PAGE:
March 21, 2007
CHESTNUT HILL When it was over, Boston College coach Al Skinner looked at the positive. He saluted his two departing seniors, two kids from Southern California, unheralded and unwanted by the other masterminds of college basketball.
That was the positive. The negative was that the two seniors forward Jared Dudley and wing guard Sean Marshall were robbed of what could have been theirs, thanks to the stupid behavior of two young men who got themselves kicked off the BC basketball team.
Anyone who watched the Eagles' season end in Winston-Salem saw Georgetown (led by 7-2 Roy Hibbert) pound BC inside throughout a well-contested 62-55 game. News flash: Hibbert wouldn't have had his way with Sean Williams the way he did with those Skinner threw at him inside, and the Hoyas wouldn't have had a field day under the basket if Williams and athletic forward Akida McLain had been available.
First of all, BC wouldn't have been a No. 7 seed if the two knuckleheads hadn't gotten themselves kicked off the team in January. Perhaps the Eagles wouldn't have won the ACC, but they would have been right there, and they certainly wouldn't have been seeded seventh in the NCAA Tournament.
But that's where they wound up, after some people felt (post-dismissals) that they were headed to the NIT. They limped home at the end of the regular season, managed to beat a tired Miami team in the ACC Tournament, then got run out of the gym by North Carolina. They then beat a pretty good Texas Tech team for their 21st win before it all came to an end against Georgetown, the second straight Big East team to knock BC out of the Big Dance.
The Eagles lost (for the only time this season in the 16 games they led at halftime), in part, because Williams and McLain weren't there. They were 8-8 in the last 16 games, in part, because Williams and McLain weren't there.
Skinner kicked them off the team because he and the athletic department just couldn't take it anymore, and the coach is one who's always believed that you go on with what you have and don't ever feel sorry for yourself.
But this just wasn't the same team, and any coach with any inside presence on his roster knew it. John Thompson III of Georgetown was a coach in the womb. He knew what to do to beat BC, and it still almost didn't happen.
In the Texas Tech game, when the legendary Bob Knight was out-coached by Skinner, BC had all three guns going as Dudley, Marshall and point guard Tyrese Rice scored 67 points. But against Georgetown, Marshall, identified here as the "X Factor" all year long, had one of his off nights. Dudley and Rice played like crazy, but it wasn't enough.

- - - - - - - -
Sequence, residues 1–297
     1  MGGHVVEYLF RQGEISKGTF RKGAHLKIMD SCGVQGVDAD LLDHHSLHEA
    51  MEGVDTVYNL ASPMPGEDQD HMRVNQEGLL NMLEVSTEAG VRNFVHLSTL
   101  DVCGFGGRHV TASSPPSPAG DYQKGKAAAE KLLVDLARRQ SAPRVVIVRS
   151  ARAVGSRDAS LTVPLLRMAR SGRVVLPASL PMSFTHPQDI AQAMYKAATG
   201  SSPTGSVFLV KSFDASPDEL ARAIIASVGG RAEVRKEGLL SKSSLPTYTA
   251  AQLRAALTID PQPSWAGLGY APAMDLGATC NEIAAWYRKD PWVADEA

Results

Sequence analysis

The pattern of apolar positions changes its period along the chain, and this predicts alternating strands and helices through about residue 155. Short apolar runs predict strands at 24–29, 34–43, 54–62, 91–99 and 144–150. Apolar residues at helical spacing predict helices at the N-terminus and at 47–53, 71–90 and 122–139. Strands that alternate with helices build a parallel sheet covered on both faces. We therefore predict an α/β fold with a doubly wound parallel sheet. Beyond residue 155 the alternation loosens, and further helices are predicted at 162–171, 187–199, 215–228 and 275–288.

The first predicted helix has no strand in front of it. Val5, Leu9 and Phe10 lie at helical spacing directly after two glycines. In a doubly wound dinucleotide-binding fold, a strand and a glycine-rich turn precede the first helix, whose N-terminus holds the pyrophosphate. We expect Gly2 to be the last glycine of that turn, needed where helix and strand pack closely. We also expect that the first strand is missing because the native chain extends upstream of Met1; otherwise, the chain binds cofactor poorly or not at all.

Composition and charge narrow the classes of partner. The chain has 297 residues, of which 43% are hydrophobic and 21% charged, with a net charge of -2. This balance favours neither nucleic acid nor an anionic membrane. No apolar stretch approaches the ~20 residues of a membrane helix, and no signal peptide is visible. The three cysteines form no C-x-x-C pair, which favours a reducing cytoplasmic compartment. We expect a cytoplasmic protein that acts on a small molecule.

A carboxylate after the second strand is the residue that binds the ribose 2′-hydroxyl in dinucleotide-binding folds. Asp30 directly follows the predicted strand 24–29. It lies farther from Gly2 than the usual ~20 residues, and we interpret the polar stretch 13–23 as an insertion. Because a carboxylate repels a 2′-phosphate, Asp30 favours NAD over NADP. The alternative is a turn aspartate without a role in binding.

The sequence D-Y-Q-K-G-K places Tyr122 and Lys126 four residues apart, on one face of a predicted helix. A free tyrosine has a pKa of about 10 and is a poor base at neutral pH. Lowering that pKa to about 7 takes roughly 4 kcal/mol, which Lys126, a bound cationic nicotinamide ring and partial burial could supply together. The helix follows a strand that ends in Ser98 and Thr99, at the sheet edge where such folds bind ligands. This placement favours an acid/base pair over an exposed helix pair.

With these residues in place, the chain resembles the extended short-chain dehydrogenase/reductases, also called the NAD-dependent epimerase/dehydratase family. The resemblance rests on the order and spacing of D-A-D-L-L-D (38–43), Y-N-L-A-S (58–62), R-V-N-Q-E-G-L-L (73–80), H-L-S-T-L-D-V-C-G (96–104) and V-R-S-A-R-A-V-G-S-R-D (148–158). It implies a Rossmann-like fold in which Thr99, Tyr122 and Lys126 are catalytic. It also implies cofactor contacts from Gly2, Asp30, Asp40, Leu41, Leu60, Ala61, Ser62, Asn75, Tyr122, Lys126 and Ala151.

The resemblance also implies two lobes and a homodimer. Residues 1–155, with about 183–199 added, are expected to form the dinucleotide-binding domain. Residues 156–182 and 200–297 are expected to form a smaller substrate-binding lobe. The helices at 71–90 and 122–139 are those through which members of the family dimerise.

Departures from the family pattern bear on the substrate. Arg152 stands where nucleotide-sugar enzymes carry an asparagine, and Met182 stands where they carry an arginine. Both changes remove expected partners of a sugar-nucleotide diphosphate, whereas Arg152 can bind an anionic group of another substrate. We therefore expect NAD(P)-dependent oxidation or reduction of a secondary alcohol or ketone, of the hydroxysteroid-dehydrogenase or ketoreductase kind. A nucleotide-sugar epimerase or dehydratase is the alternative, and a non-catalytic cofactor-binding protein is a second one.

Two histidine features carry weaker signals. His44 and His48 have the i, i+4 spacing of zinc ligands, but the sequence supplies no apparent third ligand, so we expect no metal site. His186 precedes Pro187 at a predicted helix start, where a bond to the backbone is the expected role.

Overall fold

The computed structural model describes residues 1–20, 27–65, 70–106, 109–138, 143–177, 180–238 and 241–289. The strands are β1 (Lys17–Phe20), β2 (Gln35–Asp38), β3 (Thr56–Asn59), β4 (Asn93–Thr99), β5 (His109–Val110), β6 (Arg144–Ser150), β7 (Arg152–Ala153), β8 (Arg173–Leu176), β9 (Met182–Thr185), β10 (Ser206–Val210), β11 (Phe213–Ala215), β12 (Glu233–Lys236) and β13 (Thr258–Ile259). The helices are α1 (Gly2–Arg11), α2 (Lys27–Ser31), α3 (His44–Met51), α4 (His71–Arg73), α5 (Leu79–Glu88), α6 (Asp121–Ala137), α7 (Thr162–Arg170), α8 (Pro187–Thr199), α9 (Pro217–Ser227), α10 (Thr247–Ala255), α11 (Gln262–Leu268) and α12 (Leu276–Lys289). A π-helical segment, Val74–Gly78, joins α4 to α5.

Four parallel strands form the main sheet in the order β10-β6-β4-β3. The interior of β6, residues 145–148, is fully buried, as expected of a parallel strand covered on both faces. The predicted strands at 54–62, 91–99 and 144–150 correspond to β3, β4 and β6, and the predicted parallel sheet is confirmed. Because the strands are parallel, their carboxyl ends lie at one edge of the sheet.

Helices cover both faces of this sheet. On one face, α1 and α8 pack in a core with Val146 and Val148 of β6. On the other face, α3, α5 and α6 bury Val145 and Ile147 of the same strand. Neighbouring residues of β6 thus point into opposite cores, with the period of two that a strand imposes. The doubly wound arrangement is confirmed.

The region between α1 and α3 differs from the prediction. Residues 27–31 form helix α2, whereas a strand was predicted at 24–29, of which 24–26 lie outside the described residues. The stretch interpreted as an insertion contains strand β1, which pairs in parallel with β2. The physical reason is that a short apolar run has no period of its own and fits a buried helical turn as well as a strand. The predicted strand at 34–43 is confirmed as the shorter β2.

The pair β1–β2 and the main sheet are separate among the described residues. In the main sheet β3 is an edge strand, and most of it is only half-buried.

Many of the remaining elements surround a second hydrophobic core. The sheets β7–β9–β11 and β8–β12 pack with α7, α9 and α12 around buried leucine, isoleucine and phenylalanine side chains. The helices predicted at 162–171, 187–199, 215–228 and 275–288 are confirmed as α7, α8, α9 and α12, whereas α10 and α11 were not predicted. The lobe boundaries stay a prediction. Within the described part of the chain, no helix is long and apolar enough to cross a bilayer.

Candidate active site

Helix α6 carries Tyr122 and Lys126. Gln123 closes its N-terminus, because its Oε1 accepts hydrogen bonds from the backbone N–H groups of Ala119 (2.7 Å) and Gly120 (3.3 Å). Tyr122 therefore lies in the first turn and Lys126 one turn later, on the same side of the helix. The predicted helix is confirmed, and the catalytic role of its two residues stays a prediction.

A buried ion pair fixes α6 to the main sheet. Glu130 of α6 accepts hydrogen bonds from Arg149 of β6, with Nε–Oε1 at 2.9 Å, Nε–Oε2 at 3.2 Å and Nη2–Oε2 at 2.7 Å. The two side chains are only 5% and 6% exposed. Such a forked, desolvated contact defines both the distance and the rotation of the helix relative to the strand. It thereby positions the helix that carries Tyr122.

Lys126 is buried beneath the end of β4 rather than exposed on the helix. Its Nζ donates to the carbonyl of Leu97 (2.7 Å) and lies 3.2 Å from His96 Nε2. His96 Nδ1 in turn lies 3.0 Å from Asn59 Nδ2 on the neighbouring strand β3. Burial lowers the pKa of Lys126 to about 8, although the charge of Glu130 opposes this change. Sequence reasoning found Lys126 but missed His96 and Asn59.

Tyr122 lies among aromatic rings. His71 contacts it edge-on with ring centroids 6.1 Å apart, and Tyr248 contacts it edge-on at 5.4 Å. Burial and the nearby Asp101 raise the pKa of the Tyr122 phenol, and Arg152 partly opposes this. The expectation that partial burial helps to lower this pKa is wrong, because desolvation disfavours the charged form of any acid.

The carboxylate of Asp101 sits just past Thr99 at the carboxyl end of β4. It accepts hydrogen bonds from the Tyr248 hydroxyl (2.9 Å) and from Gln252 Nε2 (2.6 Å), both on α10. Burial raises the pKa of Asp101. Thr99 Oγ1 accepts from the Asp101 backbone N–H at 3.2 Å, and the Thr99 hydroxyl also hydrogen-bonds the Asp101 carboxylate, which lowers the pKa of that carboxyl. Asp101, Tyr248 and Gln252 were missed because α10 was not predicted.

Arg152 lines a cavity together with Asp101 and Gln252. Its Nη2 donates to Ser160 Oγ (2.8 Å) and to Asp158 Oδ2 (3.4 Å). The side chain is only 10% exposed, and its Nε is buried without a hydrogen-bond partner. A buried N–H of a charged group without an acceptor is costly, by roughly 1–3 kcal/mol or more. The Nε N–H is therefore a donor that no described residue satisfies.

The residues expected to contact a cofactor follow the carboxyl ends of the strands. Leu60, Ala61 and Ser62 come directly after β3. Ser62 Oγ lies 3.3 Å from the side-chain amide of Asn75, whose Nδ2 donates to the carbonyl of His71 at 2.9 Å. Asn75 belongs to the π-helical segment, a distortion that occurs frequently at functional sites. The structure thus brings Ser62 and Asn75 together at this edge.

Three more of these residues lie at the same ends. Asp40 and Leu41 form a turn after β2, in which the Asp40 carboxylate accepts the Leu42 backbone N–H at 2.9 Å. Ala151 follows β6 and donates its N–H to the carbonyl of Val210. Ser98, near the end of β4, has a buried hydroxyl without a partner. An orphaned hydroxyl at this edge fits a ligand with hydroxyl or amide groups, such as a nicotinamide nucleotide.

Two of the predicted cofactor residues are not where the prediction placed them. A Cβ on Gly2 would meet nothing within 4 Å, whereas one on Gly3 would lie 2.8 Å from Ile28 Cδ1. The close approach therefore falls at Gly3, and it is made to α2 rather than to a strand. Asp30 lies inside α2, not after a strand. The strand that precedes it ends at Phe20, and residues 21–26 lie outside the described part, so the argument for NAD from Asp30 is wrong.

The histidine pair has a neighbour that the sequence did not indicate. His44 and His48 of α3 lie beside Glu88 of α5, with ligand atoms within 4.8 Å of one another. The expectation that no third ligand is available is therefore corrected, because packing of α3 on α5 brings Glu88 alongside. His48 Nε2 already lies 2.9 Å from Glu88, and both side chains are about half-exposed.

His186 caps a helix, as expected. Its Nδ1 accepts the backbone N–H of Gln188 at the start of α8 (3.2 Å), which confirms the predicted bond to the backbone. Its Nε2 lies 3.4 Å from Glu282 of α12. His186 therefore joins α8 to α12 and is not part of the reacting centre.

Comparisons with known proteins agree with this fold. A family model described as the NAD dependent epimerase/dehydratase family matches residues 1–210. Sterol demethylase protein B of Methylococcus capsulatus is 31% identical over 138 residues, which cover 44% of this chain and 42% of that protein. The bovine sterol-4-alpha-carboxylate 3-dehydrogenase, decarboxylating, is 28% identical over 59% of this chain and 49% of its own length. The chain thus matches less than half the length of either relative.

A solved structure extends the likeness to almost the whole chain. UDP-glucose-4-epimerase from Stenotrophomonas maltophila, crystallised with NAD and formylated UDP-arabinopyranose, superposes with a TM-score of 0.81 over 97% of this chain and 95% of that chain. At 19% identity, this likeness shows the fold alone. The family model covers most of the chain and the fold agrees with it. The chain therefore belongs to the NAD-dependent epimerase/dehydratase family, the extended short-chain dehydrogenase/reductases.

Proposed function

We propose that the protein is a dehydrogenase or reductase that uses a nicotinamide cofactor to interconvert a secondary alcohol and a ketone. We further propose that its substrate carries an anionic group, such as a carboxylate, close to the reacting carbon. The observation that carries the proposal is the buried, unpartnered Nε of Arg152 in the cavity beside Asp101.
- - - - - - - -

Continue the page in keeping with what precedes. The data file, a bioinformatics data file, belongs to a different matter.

"I could only do so much there," the 6-7 Dudley said of his battle with a tall and talented Georgetown frontcourt. "I'm too small, not tall enough and not athletic enough. But, man, you got to tip your hat to them."
And, if you're a BC fan, you've got to throw darts at Williams and McLain, two guys who could have made a real difference.
As it was, Skinner took his team from Florida knowing that Dudley and Marshall never had to settle for anything less than the NCAA Tournament. Marshall started all 133 of his games at The Heights. Dudley would have, too, had he not missed three with a foot injury this season. Dudley scored more NCAA Tournament points (150) than any player in BC history. Dudley played more minutes than any player ever at the school, Marshall more games.
"They've brought Boston College basketball to a new level," Skinner said. "They've raised the bar here. There's no question about it."
No senior class at BC won more games. (They won 98, compared to 35 losses.) No other senior class went to the NCAA Tournament four years in a row. The Eagles got as far as the Sweet 16 last year, before losing in overtime to Villanova. With a full roster, they might have gone further this time.
"The most important thing they're going to leave behind is how hard they work," Skinner said. "The torch has been passed. From Kenny Harley to Troy Bell to Craig Smith and now Jared Dudley and Sean Marshall to Tyrese Rice. The torch has been passed."
Amazingly, none of the players Skinner mentioned, with the exception of Rice, was wanted by anyone else at the highest level of college hoops. Dudley finished fifth all-time in scoring (2,071) and seventh in rebounding (936) at BC.
Skinner said the veterans taught the young guys "how hard you have to work in order to be successful at Boston College. It's a commitment you make on a daily basis. That's what it's going to take to excel here."
SKINNER PRAISED; TROUBLE AHEAD?
Athletic director Gene DeFilippo said after the season that Skinner's 2006-07 work was "maybe Al's best coaching job in the 10 years he's been here."
"Just look at the success (six NCAA Tournaments in the last seven years) we've had," DeFilippo said. "It just shows how great he is."
Next year doesn't figure to be as bright. Most very early projections for 2007-08 leave the Eagles in the bottom half of the conference.
The BC folks didn't think Williams would have been around anyway, thinking he would have left early for the draft. But McLain could have been a valuable part, and now the losses of Marshall and Dudley loom large.
Rice likely will take over as the main man he averaged 24 points in NCAA play but there's not much else on hand. The five-player incoming class holds some promise, but word keeps floating around that swingman Rakim Sanders, widely seen as the best candidate for an immediate impact, might not make it academically.
Of course, there's always the chance that Skinner will come up with something. BC has come to expect as much.</P